Nasal flaring is when the nostrils widen when you breathe. It is often a sign that you are having trouble breathing.
Nasal flaring is seen mostly in infants and younger children.
Any condition that causes difficulty breathing can cause nasal flaring. While many causes of nasal flaring are not serious, some can be life threatening.
In young infants, nasal flaring can be a very important symptom of respiratory distress.
Causes of Nasal flaring
- Asthma (acute)
- Airway obstruction (any cause)
- Epiglottitis (acute)
- Transient tachypnea of the newborn
Seek immediate emergency help if you or your child has signs of a breathing difficulty.
When to Contact a Health Professional
Call your health care provider if:
- There is any persistent, unexplained nasal flaring, especially in a young child.
- Bluish color develops in the lips, nail beds, or skin. This is a sign that breathing difficulty is severe. It may mean that an emergency condition is developing.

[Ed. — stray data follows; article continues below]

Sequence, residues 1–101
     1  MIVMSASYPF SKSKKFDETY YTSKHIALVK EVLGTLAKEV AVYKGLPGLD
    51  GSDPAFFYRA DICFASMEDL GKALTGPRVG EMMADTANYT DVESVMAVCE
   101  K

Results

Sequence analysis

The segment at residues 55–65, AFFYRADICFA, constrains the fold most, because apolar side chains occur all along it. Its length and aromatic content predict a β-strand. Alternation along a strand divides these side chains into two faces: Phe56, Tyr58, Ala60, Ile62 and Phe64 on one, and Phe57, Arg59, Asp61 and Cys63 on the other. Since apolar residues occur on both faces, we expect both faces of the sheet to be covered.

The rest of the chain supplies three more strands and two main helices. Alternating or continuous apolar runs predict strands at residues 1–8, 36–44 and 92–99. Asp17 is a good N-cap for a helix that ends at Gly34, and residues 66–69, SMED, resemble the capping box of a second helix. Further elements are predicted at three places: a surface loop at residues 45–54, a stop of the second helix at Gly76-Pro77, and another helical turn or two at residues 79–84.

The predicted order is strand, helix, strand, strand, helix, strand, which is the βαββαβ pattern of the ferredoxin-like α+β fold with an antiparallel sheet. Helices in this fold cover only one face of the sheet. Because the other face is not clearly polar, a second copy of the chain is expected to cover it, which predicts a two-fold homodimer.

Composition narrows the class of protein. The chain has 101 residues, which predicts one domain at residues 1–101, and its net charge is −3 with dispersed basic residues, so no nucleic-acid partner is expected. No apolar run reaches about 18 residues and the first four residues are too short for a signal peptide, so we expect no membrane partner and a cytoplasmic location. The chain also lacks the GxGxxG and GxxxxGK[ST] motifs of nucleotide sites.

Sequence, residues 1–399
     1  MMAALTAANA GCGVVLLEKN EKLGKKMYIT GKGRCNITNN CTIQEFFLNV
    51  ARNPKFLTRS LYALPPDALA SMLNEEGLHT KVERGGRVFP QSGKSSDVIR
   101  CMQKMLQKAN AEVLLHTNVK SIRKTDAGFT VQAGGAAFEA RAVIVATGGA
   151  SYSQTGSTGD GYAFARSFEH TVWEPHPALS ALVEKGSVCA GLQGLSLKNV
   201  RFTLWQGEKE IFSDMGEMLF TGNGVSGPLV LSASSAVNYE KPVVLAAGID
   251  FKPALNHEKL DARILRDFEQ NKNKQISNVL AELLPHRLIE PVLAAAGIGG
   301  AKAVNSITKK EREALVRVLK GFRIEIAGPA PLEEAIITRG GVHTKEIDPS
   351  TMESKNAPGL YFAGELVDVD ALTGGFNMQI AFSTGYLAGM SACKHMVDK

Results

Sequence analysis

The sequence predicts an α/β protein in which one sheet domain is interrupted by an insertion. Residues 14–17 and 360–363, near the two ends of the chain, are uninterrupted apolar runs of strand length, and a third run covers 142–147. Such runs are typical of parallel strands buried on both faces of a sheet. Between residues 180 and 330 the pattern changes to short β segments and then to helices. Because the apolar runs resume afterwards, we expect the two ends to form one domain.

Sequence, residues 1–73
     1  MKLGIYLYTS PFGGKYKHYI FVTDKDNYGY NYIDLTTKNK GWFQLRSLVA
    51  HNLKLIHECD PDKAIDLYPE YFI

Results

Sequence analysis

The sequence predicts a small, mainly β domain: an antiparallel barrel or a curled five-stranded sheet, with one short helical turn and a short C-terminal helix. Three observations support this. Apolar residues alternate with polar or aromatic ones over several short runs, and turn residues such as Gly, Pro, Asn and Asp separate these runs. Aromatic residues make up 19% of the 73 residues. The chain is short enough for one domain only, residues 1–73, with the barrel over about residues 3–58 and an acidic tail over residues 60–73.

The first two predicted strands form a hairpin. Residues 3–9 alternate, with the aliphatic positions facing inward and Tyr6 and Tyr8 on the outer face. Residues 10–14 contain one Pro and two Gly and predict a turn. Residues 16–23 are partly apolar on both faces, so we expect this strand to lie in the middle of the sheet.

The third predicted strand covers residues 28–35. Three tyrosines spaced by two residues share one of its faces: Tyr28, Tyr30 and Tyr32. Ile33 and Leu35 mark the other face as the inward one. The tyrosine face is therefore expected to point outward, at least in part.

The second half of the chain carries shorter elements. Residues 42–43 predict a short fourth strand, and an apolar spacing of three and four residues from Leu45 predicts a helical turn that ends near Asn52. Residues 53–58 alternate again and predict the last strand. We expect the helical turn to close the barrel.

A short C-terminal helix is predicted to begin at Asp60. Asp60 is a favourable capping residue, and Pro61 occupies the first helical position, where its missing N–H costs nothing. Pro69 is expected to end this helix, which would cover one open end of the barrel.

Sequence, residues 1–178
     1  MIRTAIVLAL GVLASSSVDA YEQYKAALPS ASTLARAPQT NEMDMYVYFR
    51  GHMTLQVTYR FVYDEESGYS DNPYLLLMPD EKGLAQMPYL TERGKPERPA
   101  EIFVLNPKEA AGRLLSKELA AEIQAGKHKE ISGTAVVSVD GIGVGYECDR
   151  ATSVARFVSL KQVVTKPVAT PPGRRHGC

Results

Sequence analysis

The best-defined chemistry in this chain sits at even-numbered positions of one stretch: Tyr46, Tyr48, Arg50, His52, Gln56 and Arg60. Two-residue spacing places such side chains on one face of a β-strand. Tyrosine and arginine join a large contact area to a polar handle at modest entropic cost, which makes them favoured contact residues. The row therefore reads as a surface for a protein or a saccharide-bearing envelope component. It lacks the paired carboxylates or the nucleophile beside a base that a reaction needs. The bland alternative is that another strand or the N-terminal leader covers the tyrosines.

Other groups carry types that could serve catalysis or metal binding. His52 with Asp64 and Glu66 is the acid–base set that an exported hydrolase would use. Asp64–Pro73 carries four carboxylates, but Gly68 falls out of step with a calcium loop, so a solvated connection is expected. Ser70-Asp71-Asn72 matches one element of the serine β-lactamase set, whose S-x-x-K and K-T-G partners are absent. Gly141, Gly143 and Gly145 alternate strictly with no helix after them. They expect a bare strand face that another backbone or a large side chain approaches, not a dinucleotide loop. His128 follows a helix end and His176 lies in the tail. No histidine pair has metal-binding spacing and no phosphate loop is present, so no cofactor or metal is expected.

- You think that your child is having trouble breathing.
What to Expect at Your Office Visit
The doctor or nurse will perform a physical exam and ask questions about the symptoms and medical history, such as:
- When did the symptoms start?
- Are they getting better or worse?
- Is the breathing noisy, or are there wheezing sounds?
- What other symptoms are there, such as sweating or feeling tired?
- Do the muscles of the stomach, shoulders, or rib cage pull inward during breathing?
The doctor or nurse will listen carefully to the breath sounds. This is called auscultation.
Tests that may be done include:
- Arterial blood gas analysis
- Complete blood count (CBC)
- Pulse oximetry to measure blood oxygen level
- X-rays of the chest
Oxygen may be given if there is a breathing problem.
Wiebe RA, Scott SM. General approach to the pediatric patient. In: Marx J, ed. Rosen's Emergency Medicine: Concepts and Clinical Practice. 7th ed. St. Louis, MO: Mosby; 2011:chap. 164.
|Review Date: 5/14/2014
Reviewed By: Neil K. Kaneshiro, MD, MHA, Clinical Assistant Professor of Pediatrics, University of Washington School of Medicine, Seattle, WA. Also reviewed by David Zieve, MD, MHA, Isla Ogilvie, PhD, and the A.D.A.M. Editorial team.